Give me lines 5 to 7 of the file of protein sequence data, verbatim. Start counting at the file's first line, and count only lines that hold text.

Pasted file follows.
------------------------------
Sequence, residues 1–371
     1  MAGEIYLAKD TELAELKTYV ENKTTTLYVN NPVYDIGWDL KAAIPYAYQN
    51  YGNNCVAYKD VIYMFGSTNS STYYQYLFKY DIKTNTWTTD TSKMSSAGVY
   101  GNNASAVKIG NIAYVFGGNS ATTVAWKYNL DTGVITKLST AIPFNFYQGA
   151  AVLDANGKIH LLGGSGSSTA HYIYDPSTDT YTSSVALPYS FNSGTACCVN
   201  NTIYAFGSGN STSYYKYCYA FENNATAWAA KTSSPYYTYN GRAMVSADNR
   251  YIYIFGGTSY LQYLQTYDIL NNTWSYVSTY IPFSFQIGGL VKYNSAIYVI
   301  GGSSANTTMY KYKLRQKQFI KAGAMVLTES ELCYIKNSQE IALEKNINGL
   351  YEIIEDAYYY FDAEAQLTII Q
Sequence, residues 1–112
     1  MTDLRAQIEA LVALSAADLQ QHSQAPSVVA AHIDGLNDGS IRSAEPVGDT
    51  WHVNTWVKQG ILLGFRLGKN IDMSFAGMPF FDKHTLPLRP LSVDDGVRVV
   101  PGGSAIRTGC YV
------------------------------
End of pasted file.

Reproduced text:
   151  AVLDANGKIH LLGGSGSSTA HYIYDPSTDT YTSSVALPYS FNSGTACCVN
   201  NTIYAFGSGN STSYYKYCYA FENNATAWAA KTSSPYYTYN GRAMVSADNR
   251  YIYIFGGTSY LQYLQTYDIL NNTWSYVSTY IPFSFQIGGL VKYNSAIYVI